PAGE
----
Other governments are also going into debt at a record pace:
Borrowing has soared as central banks suppress benchmark interest rates to spur growth after the U.S. subprime mortgage market collapsed and Lehman Brothers Holdings Inc.’s bankruptcy sent the world into its worst financial crisis since the Great Depression. Yields on all types of bonds, from governments to corporates and mortgages, average about 2 percent, down from more than 4.8 percent in 2007, according to the Bank of America Merrill Lynch Global Broad Market Index.
“Given the significant expansion in government spending in recent years, governments (including central, state and local governments) have been the largest debt issuers,” according to Branimir Gruic, an analyst, and Andreas Schrimpf, an economist at the BIS. The organization is owned by 60 central banks and hosts the Basel Committee on Banking Supervision, a group of regulators and central bankers that sets global capital standards.
As financial planners will tell you, there is ‘good debt’ and ‘bad debt’. ‘Good debt’ is incurred when you borrow and use the money on something that will give you a return in the future that will allow you to pay back the debt. ‘Bad debt’ is incurred when you borrow money and use that money to go to Vegas and put it all on black or red, which is essentially what governments are doing with this borrowed money.
Governments aren’t using this borrowed money to fix roads, educate their populations, or defend their currencies against attacks in the current Currency Wars. They are spending this money on food stamps, welfare programs, and bailouts of their criminal buddies. Guess who they are going to
ask for the money from seize the money from when it is time to repay these loans?
And guess what? All of these bastards are printing money to help keep the current foreign exchange rates stable (more or less). This is not a new phenomena, as Adam Smith observed the same idiocy in 1776:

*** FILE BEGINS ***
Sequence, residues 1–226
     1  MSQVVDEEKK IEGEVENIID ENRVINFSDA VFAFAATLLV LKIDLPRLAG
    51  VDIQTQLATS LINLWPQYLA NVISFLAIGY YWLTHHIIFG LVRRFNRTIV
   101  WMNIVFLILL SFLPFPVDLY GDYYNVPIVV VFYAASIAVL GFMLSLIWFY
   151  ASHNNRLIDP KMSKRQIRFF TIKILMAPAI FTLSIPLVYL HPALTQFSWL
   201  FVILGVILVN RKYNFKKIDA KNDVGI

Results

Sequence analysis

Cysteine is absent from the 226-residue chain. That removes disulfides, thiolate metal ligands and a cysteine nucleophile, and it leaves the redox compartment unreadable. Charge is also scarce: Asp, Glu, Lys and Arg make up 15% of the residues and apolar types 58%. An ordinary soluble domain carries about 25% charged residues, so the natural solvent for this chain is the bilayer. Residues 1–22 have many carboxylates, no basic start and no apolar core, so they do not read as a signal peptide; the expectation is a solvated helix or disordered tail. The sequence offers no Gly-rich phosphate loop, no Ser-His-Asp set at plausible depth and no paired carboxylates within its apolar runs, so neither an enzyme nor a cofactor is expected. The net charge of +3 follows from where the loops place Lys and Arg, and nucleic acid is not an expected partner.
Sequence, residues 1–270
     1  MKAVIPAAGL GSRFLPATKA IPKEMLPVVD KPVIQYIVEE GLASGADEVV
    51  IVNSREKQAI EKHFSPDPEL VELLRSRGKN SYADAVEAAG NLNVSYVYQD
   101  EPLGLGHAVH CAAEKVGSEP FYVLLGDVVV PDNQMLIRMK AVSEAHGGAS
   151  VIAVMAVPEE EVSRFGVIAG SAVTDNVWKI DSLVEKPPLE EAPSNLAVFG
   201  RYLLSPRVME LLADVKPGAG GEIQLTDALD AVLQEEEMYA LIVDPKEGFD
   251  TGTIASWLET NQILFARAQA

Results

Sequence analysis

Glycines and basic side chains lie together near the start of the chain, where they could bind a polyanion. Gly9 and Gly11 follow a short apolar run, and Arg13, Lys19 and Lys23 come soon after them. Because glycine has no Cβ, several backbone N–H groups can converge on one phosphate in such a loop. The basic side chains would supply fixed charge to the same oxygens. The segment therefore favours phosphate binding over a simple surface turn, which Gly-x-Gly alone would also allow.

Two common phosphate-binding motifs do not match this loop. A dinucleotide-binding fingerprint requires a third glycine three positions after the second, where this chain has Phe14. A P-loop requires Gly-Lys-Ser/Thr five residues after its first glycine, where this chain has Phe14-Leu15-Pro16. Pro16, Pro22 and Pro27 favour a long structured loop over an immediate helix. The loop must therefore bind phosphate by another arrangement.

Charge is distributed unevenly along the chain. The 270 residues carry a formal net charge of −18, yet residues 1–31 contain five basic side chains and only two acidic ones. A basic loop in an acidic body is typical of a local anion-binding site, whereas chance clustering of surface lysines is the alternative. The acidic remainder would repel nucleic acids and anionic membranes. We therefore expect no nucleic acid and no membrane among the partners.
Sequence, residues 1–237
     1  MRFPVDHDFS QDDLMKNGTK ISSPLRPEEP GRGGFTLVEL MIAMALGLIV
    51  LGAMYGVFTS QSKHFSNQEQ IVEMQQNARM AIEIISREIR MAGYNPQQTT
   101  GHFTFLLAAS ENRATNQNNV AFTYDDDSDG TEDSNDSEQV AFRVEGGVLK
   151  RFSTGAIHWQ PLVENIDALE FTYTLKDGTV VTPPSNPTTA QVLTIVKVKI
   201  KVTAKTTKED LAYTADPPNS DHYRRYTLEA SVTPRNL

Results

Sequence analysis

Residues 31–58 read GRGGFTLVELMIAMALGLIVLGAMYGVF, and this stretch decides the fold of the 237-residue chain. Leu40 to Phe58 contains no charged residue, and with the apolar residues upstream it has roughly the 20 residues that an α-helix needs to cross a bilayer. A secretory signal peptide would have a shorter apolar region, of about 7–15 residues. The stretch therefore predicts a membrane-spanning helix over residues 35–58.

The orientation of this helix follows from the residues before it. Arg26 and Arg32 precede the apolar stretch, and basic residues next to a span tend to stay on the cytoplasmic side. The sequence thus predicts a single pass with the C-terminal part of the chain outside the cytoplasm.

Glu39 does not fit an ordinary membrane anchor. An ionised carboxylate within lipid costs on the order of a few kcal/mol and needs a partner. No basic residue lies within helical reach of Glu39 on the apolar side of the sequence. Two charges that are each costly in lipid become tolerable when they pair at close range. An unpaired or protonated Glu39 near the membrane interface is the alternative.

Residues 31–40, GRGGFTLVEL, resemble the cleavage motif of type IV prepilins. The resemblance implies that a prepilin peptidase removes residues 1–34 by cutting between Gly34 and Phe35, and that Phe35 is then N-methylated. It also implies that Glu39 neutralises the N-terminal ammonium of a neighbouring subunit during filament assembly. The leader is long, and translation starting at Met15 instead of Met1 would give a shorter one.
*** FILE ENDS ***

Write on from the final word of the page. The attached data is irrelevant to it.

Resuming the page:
The progress of the enormous debts which at present oppress, and will in the long-run probably ruin, all the great nations of Europe, has been pretty uniform. Nations, like private men, have generally begun to borrow upon what may be called personal credit, without assigning or mortgaging any particular fund for the payment of the debt; and when this resource has failed them, they have gone on to borrow upon assignments or mortgages of particular funds.
When national debts have once been accumulated to a certain degree, there is scarce, I believe, a single instance of their having been fairly and completely paid. The liberation of the public revenue, if it has ever been brought about at all, has always been brought about by a bankruptcy; sometimes by an avowed one, but always by a real one, though frequently by a pretended payment.
This is where we find ourselves at this moment. There is simply no way to repay $100 trillion in borrowed money. But that doesn’t mean that governments won’t try.
The raising of the denomination of the coin has been the most usual expedient by which a real public bankruptcy has been disguised under the appearance of a pretended payment.
Smith is describing the creation of more fiat currency, which is then used to pay down the debt. The result is inflation and higher prices for everything.
This is the Keynesian solution to economic problems. Government should borrow and spend, and the central bank should increase the money supply. In effect, the government tries to ‘spend its way to prosperity’. Too bad that Keynes didn’t know any economics. If he did, he would have known that these policy prescriptions only make things worse until the economy finally collapses.